Israeli Scientists Claim They Have Found The Cure For Cancer

Israeli scientists claim they have made a breakthrough in devising a cure for cancer which could be proven within months.

(Updated version of the previous article.)

Known as MuTaTo, or multi-target toxin, the new anti-cancer drug is being touted as “a disruption technology of the highest order,” as The Jerusalem Post reported.


Dan Aridor, the head of Accelerated Evolution Biotechnologies Ltd (AEBi), said his small team of scientists had developed an all-around treatment or “complete cure for cancer”:


“Our cancer cure will be effective from day one, will last a duration of a few weeks and will have no or minimal side-effects at a much lower cost than most other treatments on the market… Our solution will be both generic and personal.”


The cure is expected to render the disease manageable in the same way that the “triple-drug cocktail” made AIDS a survivable disease.


The treatment is based on SoAP technology, a platform designed by AEBi, that the paper describes as providing “functional leads to very different targets.


The MuTaTo treatment will act as a cancer antibiotic which uses a web of cancer-targeting peptides to attack cancer cells simultaneously, wrapping around them in an octopus-like manner and attacking them from multiple angles, using a strong peptide toxin to eliminate them.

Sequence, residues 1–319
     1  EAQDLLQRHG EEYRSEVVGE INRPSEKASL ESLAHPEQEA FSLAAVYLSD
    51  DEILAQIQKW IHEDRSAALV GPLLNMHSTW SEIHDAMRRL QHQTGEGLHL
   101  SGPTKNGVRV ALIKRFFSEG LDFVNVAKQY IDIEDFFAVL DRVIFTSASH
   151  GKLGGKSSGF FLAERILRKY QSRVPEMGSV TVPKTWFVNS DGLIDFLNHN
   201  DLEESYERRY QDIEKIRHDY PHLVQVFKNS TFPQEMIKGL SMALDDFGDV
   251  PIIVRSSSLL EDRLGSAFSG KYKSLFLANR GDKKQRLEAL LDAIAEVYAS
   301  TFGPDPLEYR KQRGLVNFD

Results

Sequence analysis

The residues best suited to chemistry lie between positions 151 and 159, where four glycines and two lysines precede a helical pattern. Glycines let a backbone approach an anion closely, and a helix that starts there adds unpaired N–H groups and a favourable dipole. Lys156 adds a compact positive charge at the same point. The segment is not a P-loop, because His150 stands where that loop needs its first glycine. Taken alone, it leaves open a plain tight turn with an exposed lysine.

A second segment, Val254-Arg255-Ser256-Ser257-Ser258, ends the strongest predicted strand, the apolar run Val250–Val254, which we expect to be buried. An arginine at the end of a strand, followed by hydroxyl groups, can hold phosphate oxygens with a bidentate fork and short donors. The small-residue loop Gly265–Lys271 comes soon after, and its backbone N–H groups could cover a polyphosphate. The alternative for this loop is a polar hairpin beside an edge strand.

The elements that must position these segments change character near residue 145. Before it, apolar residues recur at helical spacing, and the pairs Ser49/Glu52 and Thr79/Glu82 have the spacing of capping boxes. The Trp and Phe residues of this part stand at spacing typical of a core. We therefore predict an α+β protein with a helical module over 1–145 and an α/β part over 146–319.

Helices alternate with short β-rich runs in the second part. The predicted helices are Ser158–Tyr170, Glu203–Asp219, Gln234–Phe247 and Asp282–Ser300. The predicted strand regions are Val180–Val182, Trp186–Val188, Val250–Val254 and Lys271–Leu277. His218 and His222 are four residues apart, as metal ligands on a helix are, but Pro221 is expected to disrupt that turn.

Because the peptides are so small, they'd go undetected by the immune system and avoid counter-attacks that commonly lead to side effects like nausea.

AEBi CEO Dr. Ilan Morad touted the potential treatment as more advantageous than antibodies and also cheap, small, and easy to produce and regulate.

Given that an estimated 18.1 million new cancer cases were diagnosed across the world in 2018 alone – making every sixth death on Earth a result of cancer and ranking it as the second leading cause of death in the world – the news is exciting.

Critics, however, remain skeptical about the cure, mainly because the only study done so far was performed on mice. The inventors themselves even concede that human trials will take a while to start and complete.

In his blog post, Dr. Leonard Lichtenfield, the Deputy Chief Medical Officer for the American Cancer Society (ACS), has urged the public to stay “aware that this is far from proven as an effective treatment for people with cancer, let alone a cure,” noting that while the Israeli team has devised an “interesting approach,” someone should bear in mind that “the process to get this treatment from mouse to man is not always a simple and uncomplicated journey.”

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